- Celebrating milestones through lifewide formation. Growing in faith and discipleship by experiencing God’s love through significant moments in one’s life journey and faith journey.
- Reading the Bible. Growing in faith and discipleship by encountering God in the Bible, and by studying and interpreting the Bible—its message, its meaning, and its application to life today.
- Learning the Christian tradition and applying it to life. Growing in faith and discipleship by learning the content of the tradition, integrating it into one’s faith life, applying it to life today, and living its meaning in the world.
- Praying, devotions, and spiritual formation. Growing in faith and discipleship through personal and communal prayer, and being formed by the spiritual disciplines and practices.
- Serving and justice. Growing in faith and discipleship by living the Christian mission in the world—engaging in service to those in need, caring for God’s creation, and acting and advocating for justice.
- Worshipping God. Growing in faith and discipleship by worshipping God with the community of faith—praising God; giving thanks for God’s creative and redemptive work in the world; and experiencing God’s living presence through Scripture, preaching, and Eucharist.
Features of Twenty-First Century Adult Faith Formation
Drawn from research studies, current thinking and practice in adult education and learning, and contemporary theory and practice in faith formation, are eight features that provide the foundations upon which to build a 21st century approach to adult faith formation for all of the seasons of adulthood.
Adult faith formation is life-stage/generational—addressing the unique life tasks, needs, interests, and spiritual journeys of people at each stage of adulthood; and intergenerational—engaging adults in the life and events of church life and the Christian faith through participation in intergenerational faith experiences.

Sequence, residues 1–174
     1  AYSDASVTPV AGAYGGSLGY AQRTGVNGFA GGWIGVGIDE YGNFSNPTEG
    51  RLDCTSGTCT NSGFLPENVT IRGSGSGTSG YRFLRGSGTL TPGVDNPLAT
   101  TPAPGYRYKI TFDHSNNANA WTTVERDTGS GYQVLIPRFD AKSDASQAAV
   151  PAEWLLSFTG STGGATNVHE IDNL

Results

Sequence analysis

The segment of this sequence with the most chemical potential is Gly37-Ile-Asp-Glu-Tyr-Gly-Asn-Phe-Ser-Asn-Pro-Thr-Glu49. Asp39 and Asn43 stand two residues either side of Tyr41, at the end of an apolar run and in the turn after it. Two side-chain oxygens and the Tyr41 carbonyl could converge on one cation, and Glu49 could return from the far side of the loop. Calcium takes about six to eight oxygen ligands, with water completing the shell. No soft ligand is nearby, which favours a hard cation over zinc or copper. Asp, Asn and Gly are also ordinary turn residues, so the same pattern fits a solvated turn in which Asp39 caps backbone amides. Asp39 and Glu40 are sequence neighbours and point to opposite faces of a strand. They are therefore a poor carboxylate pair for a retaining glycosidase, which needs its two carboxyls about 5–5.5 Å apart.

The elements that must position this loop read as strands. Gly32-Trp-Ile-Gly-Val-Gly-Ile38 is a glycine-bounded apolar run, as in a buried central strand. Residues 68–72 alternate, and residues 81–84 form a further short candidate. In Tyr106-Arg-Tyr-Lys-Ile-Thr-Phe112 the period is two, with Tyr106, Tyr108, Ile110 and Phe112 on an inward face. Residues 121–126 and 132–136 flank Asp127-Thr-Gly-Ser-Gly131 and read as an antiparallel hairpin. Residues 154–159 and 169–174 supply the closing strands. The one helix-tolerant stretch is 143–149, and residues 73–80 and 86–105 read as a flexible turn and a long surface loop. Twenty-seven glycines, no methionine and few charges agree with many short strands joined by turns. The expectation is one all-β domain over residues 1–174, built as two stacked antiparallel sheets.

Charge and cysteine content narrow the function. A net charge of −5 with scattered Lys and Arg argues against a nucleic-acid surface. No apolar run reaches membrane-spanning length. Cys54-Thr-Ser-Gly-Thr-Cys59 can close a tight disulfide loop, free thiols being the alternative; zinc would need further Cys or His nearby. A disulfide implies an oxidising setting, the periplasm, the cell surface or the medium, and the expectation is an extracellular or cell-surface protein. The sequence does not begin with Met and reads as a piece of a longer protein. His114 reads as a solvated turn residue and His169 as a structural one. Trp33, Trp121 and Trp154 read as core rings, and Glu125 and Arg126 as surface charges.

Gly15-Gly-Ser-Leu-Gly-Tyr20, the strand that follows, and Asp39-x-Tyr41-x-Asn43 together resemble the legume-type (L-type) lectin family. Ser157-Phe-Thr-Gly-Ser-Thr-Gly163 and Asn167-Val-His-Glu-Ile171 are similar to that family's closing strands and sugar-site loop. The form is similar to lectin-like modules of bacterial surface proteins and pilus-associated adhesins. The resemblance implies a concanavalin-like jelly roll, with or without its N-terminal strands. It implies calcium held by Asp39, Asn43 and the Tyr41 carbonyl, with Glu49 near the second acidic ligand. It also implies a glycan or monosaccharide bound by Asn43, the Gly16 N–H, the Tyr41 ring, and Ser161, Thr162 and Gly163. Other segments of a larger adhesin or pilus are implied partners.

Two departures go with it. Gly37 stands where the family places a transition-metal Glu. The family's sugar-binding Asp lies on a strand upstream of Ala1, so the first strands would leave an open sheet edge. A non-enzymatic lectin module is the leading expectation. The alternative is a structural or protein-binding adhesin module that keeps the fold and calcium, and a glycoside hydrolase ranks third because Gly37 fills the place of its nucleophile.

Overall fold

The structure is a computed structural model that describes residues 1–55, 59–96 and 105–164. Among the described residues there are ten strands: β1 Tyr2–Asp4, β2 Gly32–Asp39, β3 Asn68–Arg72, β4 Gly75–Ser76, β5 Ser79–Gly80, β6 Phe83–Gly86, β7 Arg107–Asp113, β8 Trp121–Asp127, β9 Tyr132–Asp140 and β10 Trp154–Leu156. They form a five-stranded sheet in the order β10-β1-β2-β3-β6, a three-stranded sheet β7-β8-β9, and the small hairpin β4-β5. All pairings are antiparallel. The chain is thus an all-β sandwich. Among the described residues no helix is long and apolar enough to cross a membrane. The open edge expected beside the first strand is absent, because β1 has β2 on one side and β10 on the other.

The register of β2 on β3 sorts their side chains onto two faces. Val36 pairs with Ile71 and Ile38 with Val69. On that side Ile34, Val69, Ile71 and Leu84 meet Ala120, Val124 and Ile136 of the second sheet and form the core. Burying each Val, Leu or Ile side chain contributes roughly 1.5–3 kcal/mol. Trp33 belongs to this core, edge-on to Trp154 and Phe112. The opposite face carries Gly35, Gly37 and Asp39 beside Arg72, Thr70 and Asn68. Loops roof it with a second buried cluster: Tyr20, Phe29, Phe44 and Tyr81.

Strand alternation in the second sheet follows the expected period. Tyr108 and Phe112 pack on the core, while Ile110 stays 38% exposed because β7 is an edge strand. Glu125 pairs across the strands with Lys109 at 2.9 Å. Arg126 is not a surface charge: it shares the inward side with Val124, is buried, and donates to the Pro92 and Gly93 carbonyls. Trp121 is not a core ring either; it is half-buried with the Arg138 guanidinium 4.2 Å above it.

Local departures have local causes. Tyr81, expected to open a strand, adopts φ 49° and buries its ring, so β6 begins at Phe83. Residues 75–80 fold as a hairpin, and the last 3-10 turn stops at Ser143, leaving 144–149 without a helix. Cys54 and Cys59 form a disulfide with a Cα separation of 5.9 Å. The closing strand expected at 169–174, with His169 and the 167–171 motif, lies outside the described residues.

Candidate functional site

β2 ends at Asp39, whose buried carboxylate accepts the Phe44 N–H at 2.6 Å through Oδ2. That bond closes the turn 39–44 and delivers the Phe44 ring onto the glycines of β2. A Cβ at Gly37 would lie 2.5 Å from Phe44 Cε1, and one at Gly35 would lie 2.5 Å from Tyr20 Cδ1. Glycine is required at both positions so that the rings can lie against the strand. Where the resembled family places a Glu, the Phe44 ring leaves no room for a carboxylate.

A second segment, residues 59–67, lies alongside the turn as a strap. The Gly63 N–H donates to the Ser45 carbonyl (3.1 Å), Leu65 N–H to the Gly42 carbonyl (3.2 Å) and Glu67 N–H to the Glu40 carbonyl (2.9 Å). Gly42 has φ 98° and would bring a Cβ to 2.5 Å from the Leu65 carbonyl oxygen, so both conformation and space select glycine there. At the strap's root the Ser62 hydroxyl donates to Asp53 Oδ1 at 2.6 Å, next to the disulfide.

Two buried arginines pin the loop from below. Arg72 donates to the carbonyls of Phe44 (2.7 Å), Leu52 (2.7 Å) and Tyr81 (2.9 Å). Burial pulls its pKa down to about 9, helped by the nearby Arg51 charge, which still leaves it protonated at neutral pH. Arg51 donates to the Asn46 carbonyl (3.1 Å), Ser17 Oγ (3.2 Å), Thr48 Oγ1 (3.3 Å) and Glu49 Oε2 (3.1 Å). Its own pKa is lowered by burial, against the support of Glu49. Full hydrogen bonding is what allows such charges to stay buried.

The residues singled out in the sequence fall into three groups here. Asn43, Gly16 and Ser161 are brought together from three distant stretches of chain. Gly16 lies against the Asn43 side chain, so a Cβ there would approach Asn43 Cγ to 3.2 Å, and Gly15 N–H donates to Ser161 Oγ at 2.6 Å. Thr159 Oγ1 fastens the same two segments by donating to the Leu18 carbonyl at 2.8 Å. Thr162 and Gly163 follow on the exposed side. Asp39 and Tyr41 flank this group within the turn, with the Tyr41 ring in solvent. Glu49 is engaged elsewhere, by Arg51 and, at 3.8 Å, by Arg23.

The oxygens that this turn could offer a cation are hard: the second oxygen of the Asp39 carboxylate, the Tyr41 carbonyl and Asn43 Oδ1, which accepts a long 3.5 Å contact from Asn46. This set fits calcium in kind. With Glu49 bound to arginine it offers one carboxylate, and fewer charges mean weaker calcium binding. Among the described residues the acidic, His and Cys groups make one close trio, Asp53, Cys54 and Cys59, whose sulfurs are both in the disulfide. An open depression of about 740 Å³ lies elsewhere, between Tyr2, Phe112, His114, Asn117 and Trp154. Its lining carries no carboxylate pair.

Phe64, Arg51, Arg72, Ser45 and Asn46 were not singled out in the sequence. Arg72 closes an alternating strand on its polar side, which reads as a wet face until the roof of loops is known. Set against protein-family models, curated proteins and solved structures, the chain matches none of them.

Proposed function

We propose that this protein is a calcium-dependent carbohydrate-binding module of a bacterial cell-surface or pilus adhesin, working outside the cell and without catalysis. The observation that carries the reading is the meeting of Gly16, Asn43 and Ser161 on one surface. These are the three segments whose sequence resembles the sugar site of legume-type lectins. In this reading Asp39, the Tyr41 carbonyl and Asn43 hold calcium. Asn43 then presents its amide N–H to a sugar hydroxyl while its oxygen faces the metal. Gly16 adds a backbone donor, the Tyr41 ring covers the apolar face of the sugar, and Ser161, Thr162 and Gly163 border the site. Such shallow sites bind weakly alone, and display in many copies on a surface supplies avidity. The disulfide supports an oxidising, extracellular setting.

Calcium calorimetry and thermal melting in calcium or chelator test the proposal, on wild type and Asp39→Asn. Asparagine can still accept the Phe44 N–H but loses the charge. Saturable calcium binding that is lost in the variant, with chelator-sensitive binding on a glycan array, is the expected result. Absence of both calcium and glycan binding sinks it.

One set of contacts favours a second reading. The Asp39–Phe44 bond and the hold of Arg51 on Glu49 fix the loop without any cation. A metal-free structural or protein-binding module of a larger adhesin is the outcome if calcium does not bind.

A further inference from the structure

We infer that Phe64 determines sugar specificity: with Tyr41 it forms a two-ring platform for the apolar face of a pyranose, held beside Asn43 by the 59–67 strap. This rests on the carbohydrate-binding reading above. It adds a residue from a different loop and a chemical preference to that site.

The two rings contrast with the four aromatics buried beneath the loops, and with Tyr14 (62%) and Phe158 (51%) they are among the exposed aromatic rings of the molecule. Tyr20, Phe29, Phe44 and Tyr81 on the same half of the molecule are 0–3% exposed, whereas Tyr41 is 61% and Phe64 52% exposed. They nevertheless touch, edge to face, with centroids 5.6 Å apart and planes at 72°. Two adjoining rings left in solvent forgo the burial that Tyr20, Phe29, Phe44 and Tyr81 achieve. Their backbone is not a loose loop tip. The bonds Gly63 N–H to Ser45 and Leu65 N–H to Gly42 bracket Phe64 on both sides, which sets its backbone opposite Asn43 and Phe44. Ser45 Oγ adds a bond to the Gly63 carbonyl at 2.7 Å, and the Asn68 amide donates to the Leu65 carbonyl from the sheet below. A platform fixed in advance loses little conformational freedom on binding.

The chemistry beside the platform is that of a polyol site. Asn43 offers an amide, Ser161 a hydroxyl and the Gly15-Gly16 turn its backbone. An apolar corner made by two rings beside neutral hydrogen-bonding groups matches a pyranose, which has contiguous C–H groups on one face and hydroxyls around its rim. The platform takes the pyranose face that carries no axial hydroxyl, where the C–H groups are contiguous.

Rather than thinking about adult faith formation as religious content and programming, think of adult faith formation as the processes and practices that contribute to growth in faith and discipleship—a far more dynamic approach than a content-driven one. Instead of thinking of adult classes, small group studies, and large group programs, think about processes—how we guide adults in living Christian lives today.
A comprehensive and holistic approach to adult faith formation promotes discipleship and faith growth with developmentally- and generationally-appropriate knowledge, experiences, and practices. These provide a framework to guide the development of adult faith formation across the seasons of adulthood, and a focus for designing new adult programs and activities, as well as redesigning current programming.
Intergenerational faith formation provides whole-community experiences and learning, focused on the central events of church life and the Christian faith. Intergenerational formation and whole community faith experiences form and deepen Christian identity and commitment as adults develop relationships and actively participate in faith communities that teach, model, and live the Christian tradition and way of life. Whole community experiences als0 strengthen relationships, connections, and community across generations and enhance adults’ sense of belonging in the faith community.
People learn by participating in the life of a community. Practices of faith are taught through the interrelationships of worship, learning, service, ritual, prayer, and more. Among the events central to the Christian community are the feasts and seasons of the church year, Sunday worship and the lectionary, sacramental and ritual celebrations, holidays and holy days, works of justice and acts of service, times of prayer, spiritual traditions, and events that originate within the life and history of a individual congregation.
Adult faith formation is missional—expanding and extending the church’s presence through outreach, connection, relationship building and engagement with adults where they live; and providing pathways for people to consider or reconsider the Christian faith, to encounter Jesus and the Good News, and to live as disciples in a supportive faith community.